Together, these 3 parts to the larger EV equation would seem to affect an “EVs as morality” position. I asked Rabbi Abraham if he agreed.
“I don’t know that I would divide things up in that manner. Of course, there are moral questions about the sourcing of the rare earth minerals that are part of current battery production for this generation of EV’s. Again, there is a larger picture – there are very few environmental choices that we can make that are all good. Electricity still comes from somewhere – often fossil fuel burning power plants. Many environmental solutions have high start-up costs that make them out of range of those with less resources. For me, this is where government comes in — to help bridge that gap until production is more reasonable. However, not being able to buy an EV does not mean, one cannot benefit from their use — through car share programs, taxi and for hire cars, as well as the benefits we would all accrue from less pollutants in our air.”
The Intersection of Environmental and Economic Justice
The environmental justice movement seeks to remedy a legacy of environmental racism and economic disparity by promoting the fair treatment of people of all races, incomes, and cultures. Fair treatment implies that no person or group of people should shoulder a disproportionate share of the negative environmental impacts that come about as a nation legislates and implements it domestic and foreign policy programs. Fair treatment implies that no business, industry, or other entity be allowed to pollute marginalized or economically disadvantaged communities. I asked Rabbi Abraham how the intersection of environmental and economic justice is consistent with his worldview and EVs as morality advocacy.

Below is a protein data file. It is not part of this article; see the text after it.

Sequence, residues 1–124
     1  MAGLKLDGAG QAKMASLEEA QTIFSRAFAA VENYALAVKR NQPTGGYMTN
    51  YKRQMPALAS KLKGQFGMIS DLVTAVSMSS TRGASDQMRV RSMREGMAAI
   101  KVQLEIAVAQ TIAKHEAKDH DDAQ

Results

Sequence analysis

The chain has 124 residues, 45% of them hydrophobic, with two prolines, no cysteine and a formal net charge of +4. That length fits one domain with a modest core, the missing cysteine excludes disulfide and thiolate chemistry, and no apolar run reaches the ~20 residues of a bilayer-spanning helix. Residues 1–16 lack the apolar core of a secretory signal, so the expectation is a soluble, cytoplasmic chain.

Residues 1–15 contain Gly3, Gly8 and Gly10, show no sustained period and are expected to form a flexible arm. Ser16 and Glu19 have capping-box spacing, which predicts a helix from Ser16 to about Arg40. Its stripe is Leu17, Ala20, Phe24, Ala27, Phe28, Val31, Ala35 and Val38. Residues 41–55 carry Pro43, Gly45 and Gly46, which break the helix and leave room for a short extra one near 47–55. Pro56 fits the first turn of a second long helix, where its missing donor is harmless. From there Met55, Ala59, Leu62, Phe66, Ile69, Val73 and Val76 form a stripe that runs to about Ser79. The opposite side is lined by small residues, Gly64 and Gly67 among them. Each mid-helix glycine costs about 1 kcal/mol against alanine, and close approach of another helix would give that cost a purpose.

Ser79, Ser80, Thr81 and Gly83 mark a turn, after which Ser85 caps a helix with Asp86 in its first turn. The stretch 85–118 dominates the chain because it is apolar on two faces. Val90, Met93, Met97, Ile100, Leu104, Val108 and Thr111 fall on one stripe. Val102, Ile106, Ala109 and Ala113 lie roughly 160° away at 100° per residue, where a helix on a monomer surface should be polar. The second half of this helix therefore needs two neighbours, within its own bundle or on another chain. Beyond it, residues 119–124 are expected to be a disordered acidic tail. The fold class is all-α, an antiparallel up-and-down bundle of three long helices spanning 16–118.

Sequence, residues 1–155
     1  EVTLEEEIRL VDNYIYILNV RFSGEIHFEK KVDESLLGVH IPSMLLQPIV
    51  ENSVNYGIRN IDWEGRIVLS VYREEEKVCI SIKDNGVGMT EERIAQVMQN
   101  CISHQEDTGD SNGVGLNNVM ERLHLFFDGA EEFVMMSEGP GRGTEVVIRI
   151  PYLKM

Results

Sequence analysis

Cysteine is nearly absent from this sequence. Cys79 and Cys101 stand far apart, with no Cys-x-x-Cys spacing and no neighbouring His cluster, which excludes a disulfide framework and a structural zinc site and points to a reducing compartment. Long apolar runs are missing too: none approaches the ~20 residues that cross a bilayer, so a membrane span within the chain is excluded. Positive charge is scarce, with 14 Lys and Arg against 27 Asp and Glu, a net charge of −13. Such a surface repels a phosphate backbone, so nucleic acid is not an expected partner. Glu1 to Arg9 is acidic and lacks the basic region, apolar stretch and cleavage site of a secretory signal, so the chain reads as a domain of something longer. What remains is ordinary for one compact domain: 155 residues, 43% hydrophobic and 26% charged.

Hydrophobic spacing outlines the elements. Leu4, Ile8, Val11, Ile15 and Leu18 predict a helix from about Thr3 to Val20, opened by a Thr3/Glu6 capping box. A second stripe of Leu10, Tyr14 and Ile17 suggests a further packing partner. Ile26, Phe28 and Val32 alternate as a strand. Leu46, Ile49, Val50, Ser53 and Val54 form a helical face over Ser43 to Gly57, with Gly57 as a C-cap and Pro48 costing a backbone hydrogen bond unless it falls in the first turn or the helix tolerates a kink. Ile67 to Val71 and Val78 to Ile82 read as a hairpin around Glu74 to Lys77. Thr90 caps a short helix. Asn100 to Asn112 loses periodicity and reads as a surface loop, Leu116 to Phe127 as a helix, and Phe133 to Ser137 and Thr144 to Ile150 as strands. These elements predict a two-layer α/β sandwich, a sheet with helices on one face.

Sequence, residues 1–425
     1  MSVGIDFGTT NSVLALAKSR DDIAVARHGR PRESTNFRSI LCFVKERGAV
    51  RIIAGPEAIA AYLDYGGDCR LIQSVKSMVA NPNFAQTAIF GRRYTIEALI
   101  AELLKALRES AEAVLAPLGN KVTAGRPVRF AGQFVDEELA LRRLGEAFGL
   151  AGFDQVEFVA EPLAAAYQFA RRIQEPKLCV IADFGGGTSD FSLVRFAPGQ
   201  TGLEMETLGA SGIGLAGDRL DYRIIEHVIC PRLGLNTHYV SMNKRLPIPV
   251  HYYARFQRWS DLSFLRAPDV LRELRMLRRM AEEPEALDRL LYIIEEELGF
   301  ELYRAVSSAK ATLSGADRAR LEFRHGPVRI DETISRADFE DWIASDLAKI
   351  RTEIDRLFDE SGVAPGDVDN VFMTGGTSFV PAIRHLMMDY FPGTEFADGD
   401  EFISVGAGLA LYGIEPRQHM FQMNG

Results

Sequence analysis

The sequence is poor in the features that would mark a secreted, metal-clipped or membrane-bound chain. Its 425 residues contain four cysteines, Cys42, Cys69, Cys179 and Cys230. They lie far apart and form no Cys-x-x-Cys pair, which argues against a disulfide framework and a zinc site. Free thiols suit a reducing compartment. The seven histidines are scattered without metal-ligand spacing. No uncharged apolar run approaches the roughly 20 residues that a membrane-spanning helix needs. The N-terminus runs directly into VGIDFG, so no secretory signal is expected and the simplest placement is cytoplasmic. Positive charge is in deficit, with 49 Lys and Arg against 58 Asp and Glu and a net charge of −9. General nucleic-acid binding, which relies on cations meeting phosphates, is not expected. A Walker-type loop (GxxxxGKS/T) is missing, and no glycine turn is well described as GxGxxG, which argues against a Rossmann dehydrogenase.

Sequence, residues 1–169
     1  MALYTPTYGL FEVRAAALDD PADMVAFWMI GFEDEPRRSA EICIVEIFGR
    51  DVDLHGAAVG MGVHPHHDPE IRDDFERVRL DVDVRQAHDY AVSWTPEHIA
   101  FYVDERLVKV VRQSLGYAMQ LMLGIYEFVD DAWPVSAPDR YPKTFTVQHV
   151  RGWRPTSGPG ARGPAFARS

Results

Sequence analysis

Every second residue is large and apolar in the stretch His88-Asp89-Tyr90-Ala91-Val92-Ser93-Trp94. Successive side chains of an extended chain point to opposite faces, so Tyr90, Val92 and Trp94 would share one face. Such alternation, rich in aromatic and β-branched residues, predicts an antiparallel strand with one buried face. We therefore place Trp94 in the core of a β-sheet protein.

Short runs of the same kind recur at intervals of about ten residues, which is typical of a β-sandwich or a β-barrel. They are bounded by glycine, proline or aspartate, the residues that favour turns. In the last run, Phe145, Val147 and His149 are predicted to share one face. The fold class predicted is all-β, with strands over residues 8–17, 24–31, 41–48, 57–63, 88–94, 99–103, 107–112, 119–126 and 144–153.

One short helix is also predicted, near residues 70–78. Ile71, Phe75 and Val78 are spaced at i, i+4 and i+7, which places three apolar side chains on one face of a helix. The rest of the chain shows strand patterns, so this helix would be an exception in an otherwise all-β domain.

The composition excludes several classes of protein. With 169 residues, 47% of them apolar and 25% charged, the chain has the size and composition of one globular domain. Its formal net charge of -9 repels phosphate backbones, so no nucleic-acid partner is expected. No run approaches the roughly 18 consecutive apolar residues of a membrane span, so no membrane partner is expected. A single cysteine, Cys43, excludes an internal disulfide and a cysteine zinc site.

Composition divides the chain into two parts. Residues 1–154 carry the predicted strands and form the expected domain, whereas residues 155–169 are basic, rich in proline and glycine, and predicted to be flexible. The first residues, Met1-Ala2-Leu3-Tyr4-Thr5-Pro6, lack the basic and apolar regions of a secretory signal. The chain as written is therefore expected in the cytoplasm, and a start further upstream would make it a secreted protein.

“We breathe the same air and drink the same water that eventually circles the earth – what more do we need to understand that we have a moral responsibility to expand the idea of ‘What is hateful to you, do not do to your neighbor?’ (Hillel) In Judaism, we are called to pursue justice,without an adjective – environmental, economic, criminal, racial, whatever. We need to pay more attention to how none of these areas of concentration are separable; they are all linked.”
We at CleanTechnica are quite appreciative for Rabbi Abraham’s time and thoughtfulness in responding to our questions. He shared his perspectives about EVs as morality in the period immediately following the late October, 2018 mass shooting in which a man shouting anti-Semitic slurs opened fire inside a Pittsburgh synagogue. The senseless act resulted in killing 11 congregants, wounding 4 police officers, and injuring 2 others.
We join Rabbi Abraham and others around the world in mourning and remembrance surrounding the deadliest attack on Jews in US history.
I don't like paywalls. You don't like paywalls. Who likes paywalls? Here at CleanTechnica, we implemented a limited paywall for a while, but it always felt wrong — and it was always tough to decide what we should put behind there. In theory, your most exclusive and best content goes behind a paywall. But then fewer people read it! We just don't like paywalls, and so we've decided to ditch ours. Unfortunately, the media business is still a tough, cut-throat business with tiny margins. It's a never-ending Olympic challenge to stay above water or even perhaps — gasp — grow. So ...
Sign up for daily news updates from CleanTechnica on email. Or follow us on Google News!
Have a tip for CleanTechnica, want to advertise, or want to suggest a guest for our CleanTech Talk podcast? Contact us here.